World's biggest telescope will see deep into the past

The world's biggest telescope will be built in Hawaii. The device will be so powerful that it will allow scientists to see some 13 billion light years away and get a glimpse into the early years of the universe.

The telescope's mirror - stretching almost 30 metres in diameter, or nearly the length of a Boeing 737's wingspan - will be so large that it should be able to gather light that will have spent 13 billion years travelling to earth.



This means astronomers looking into the telescope will be able to see images of the first stars and galaxies forming - some 400 million years after the Big Bang.



"It will sort of give us the history of the universe," Thirty Meter Telescope Observatory spokesman Charles Blue said.



The telescope, expected to be completed by 2018, will be located atop a dormant volcano that is popular with astronomers because its summit sits well above the clouds at 13,796 feet (4,205 meters), offering a clear view of the sky above for 300 days a year.

Hawaii's isolated position in the middle of the Pacific Ocean also means the area is relatively free of air pollution.



Few cities on the Big Island mean there aren't a lot of man-made lights around to disrupt observations.



The other finalist candidate site for the Thirty Meter Telescope was Chile's Cerro Armazones mountain.



Richard Ellis, astronomy professor the California Institute of Technology and a Thirty Meter Telescope board member, told reporters in a conference call that Mauna Kea is at a higher elevation, its air is drier and its average temperature fluctuates less during the course of the day - all helpful factors for those using the new telescope.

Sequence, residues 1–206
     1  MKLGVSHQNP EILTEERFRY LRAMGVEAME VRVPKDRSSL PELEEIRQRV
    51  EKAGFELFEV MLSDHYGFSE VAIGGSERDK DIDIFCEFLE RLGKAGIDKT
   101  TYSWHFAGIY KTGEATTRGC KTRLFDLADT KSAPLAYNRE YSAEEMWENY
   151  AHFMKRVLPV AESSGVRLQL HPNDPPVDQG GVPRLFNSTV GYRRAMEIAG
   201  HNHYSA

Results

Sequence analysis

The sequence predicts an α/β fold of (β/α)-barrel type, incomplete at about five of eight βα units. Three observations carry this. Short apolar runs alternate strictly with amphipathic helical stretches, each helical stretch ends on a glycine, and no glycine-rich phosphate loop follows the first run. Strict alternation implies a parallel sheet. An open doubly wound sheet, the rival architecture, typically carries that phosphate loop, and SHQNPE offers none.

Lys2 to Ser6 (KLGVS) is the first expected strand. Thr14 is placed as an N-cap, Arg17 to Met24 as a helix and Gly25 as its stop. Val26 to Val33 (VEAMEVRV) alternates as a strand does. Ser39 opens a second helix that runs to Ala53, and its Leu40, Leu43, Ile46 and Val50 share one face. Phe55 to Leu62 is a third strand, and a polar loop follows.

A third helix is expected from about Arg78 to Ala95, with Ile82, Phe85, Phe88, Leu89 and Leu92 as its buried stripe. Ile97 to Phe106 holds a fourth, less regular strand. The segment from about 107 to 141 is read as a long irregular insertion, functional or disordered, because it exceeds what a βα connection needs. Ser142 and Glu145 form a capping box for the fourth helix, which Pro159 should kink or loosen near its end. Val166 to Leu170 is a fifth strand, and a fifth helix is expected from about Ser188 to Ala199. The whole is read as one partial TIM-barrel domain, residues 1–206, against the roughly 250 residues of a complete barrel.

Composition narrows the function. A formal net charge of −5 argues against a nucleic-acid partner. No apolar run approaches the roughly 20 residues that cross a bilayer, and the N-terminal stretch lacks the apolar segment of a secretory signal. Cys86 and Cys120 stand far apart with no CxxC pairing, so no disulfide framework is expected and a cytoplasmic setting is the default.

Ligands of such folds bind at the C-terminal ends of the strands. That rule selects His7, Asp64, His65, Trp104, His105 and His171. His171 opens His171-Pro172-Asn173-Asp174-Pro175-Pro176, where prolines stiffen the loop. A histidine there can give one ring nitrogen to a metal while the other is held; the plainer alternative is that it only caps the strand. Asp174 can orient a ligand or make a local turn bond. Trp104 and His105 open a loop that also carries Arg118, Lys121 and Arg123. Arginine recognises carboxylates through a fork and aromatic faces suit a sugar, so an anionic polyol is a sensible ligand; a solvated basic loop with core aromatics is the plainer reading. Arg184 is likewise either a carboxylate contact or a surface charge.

The telescope will be built by the University of California, the California Institute of Technology and the Association of Canadian Universities for Research in Astronomy.



The current world's largest telescopes also are located atop Mauna Kea, but the size of their diameters are about three times smaller than the Thirty Meter Telescope.



Current telescopes also don't routinely offer views of hundreds of planets orbiting around other stars and stars that are near the sun like the new telescope will.



But it may not hold the world's largest title for long.



A partnership of European countries plans to build the European Extremely Large Telescope, which would have a 42-metre mirror.



The group is considering sites in Argentina, Chile, Morocco and Spain. It plans to decide on a location next year and be able to host its first observation in 2018.



Another group of universities plans to finish the Giant Magellan Telescope, also around 2018, with an 24-metre mirror in Las Campanas, Chile.



Rolf Kudritzki, the director of Institute for Astronomy at the University of Hawaii, said Hawaii's northern hemisphere location will help the Thirty Meter Telescope complement other large telescopes planned for Chile in the southern hemisphere.



"I think all of the astronomers in the world can be happy because in principle now the two largest telescopes will be able to cover the whole sky. And for research that's an important decision," he said.



It will also be a special boon to Hawaii astronomers, who will be allotted a share of the TMT's observation time. Kudritzki said his colleagues held an impromptu celebratory party Tuesday.



But the decision invited protests from some Native Hawaiian and environmental groups.



Native Hawaiian tradition holds that high altitudes are sacred and are a gateway to heaven. In the past, only high chiefs and priests were allowed at Mauna Kea's summit.



The mountain is home to one confirmed burial site and perhaps four more, and environmentalists oppose the telescope on the grounds it would hurt some endangered species.



"This the kind of legacy they want to leave? They just keep building on our mountain," said Kealoha Pisciotta, president of Mauna Kea Anaina Hou, a group with family and religious ties to the mountain.

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